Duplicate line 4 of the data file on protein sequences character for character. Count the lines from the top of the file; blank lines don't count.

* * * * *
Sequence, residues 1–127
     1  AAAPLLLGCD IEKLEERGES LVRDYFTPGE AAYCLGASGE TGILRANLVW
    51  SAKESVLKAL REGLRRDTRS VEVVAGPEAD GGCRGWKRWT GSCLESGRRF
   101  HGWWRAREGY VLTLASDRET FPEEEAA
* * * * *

   101  HGWWRAREGY VLTLASDRET FPEEEAA